In the early 1970s, France initiated the construction and operation of the European Gaseous Diffusion Uranium Enrichment Consortium (EURODIF) plant for civil uranium production as part of its growing nuclear power industry. From the beginning, it was recognized that a high level of performance and safety was required for the generation of nuclear power. To ensure that these criteria were met, nuclear sealing technologies were implemented through an integrated process of scientific-technical cooperation. This process tested sealing solutions to ensure their precise abilities and technical feasibility.

    The French Alternative Energies and Atomic Energy Commission (CEA) partnered with Technetics Group to create a joint sealing laboratory at Pierrelatte and begin the testing and qualification process. This laboratory combines the nuclear expertise and competencies of the CEA with the sealing-specific expertise of a highly specialized, technologically innovative corporation. Work performed at the Maestral Sealing Laboratory is directed toward creating and promoting a solution cycle for defined sealing performance in order to maintain the qualification of that product portfolio and ensure its qualification into the future.

    Through integration into the French nuclear sector, as well as within the internationally co-operative nature of nuclear and power technology vendors, NPP operating utilities and main Gen-IV research programmes (ITER, ASTRID, ALLEGRO etc), the laboratory represents a scientific-technical centre of long-term experience and continued feedback from the operation and maintenance of nuclear power plants and facilities worldwide.

    This integration also allows for experience, feedback and understanding of almost all types of NPP technology. Clearly defined and measured operating conditions are simulated by respective test stands in the laboratory to monitor seal behaviour and characteristics. These tests are key to providing and maintaining the largest portfolio of engineered qualified sealing solutions in the nuclear industry.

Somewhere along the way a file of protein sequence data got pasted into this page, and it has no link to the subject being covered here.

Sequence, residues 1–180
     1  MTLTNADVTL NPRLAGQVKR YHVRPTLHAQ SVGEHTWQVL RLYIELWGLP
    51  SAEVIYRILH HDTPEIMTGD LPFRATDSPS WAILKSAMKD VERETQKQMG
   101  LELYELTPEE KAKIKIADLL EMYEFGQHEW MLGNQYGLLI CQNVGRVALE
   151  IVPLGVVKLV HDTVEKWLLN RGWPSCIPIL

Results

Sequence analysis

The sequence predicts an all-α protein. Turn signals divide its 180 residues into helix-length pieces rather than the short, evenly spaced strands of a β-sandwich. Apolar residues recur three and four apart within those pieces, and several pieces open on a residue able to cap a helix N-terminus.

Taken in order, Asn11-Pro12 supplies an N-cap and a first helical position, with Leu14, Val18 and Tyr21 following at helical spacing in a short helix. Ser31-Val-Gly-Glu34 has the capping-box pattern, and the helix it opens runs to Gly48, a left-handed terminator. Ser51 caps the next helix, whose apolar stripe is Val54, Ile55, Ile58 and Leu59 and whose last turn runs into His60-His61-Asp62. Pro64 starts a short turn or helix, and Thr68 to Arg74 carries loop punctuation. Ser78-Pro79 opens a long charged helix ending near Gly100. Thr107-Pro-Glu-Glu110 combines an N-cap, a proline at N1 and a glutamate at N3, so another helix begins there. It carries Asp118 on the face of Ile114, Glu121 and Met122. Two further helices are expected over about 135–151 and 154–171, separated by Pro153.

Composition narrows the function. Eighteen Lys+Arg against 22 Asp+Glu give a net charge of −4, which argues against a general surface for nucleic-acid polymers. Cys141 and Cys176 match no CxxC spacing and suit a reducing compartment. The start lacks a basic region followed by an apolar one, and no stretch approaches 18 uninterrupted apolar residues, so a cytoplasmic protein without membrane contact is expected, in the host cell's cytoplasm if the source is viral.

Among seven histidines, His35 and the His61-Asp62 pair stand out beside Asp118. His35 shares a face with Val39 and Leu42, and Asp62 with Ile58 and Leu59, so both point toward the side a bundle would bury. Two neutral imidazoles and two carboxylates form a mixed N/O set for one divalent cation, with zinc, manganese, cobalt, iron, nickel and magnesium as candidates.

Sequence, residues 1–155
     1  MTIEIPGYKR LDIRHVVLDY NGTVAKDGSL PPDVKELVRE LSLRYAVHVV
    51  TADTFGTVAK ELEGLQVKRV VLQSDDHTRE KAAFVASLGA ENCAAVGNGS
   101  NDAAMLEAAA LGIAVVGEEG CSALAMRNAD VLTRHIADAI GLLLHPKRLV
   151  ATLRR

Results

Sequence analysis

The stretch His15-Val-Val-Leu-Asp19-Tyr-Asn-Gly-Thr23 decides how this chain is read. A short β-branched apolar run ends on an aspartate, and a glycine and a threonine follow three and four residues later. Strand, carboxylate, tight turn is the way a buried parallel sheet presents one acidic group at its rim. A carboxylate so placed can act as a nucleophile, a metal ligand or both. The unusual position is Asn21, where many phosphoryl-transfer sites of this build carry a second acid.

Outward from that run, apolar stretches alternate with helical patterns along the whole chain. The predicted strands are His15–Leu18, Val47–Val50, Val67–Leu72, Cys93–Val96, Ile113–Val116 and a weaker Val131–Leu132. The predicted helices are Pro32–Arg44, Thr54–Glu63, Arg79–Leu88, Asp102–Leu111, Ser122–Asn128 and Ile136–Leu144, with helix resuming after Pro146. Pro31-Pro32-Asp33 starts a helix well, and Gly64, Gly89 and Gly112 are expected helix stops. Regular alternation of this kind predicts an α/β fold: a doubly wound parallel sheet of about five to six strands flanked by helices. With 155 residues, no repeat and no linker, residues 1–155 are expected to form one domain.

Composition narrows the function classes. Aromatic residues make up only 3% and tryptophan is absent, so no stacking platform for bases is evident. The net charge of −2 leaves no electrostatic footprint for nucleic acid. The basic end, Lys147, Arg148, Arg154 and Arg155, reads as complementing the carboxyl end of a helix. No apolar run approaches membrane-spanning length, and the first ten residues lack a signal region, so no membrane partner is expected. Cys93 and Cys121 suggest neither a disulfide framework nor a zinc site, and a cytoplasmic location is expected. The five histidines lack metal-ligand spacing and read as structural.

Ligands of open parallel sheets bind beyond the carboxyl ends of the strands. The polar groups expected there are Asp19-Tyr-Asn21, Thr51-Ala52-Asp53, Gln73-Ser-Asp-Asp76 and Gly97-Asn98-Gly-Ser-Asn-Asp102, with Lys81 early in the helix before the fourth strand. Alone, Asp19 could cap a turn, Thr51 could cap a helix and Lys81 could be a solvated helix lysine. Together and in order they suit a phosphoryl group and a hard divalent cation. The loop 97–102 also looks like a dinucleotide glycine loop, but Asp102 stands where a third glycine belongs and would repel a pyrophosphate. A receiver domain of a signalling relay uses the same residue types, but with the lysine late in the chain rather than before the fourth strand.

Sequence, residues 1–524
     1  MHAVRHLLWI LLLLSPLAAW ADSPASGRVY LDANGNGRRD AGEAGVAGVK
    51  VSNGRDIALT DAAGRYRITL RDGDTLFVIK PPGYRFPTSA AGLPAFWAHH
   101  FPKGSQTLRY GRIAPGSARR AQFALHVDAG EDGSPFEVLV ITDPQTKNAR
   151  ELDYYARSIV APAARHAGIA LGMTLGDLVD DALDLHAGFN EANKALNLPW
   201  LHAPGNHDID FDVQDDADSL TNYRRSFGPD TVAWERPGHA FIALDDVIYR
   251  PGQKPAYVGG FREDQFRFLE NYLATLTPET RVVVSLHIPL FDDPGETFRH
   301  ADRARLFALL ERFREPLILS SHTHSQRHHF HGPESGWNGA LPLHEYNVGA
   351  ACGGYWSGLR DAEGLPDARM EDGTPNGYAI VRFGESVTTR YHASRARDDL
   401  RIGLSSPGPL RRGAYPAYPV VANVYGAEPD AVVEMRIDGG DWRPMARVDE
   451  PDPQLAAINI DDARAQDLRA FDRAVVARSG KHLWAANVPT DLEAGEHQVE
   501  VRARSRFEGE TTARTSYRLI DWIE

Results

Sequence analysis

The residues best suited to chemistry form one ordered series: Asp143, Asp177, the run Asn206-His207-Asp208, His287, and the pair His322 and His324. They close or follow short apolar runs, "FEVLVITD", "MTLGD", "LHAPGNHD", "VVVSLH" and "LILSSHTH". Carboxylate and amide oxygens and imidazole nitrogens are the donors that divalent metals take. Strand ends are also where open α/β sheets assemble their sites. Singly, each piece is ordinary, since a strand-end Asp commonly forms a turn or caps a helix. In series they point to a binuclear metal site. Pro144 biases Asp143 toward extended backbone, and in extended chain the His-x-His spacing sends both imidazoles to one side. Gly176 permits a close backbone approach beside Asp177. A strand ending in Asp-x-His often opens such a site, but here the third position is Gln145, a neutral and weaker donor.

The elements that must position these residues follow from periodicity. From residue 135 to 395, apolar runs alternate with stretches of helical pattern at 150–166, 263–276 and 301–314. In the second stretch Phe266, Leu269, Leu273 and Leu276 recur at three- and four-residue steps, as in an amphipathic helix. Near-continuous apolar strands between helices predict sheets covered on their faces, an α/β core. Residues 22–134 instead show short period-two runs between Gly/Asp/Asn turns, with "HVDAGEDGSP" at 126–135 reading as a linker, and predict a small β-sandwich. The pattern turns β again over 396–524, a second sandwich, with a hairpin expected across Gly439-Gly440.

An initial milestone of such R&D includes the qualification and benchmarking of metal-to-metal sealing technologies with spring-energized metal seals. This technology, well known to the industry as Helicoflex, was first applied to the equipment in the EURODIF plant. Consequently, this system and other types of engineered sealing solutions were created and designed on the basis of the metal-to-metal concept in order to fulfil specifically defined sealing performance requirements for a wide range of sealing tasks. These spring-energized metal seals are employed in various components and systems throughout NPPs and other nuclear power-based equipment.

    Data and standards

    Today, a total of 437 commercial nuclear power reactors are operating in 31 countries. More than half of these plants have been in operation for over 20 years, the majority of which rely on pressurized water reactor systems. This constitutes a tremendous number of operating hours (in the range of several tens of millions), and provides a great deal of respective operating experience and feedback to design and technology providers.

    Uranium enrichment and nuclear fuel producers, as well as facilities and container technologies for the transport, treatment and interim storage of radioactive waste and spent fuel, provide large accumulated operational histories of nuclear technology equipment. This creates a tremendous amount of data for nuclear power plants and nuclear component providers with background and experience in the creation of sealing solutions, while providing deep insight into the long-term characteristics of seals and the corresponding NPP component over long operating periods.

    As sealing performance is a function of load to the sealing system and the functional area of the seal, Westinghouse Electric Company, the origin of many pressurized water reactor systems, set an initial 5 per cent standard measure for the two main properties. They stated that a seal must maintain “maximal load”, which challenges its elasticity, and “minimal contact seal area in order to maximize sealing stress”, which exploits the plasticity and sealing ability of a resilient seal.

    Embedding engineered sealing solutions into a cycle is a promising method for present and future sealing tasks in demanding environments. Specialized laboratories contribute to long-term experience in upgrade processes for existing NPPs, allowing for improved safety, performance and technological support.

    The results are more sophisticated seal designs and higher seal compressions, ensuring that elasticity and plasticity remain the most important aspects of sealing performance.

    Thomas Ritter is Senior Market Manager, Nuclear at Technetics Group.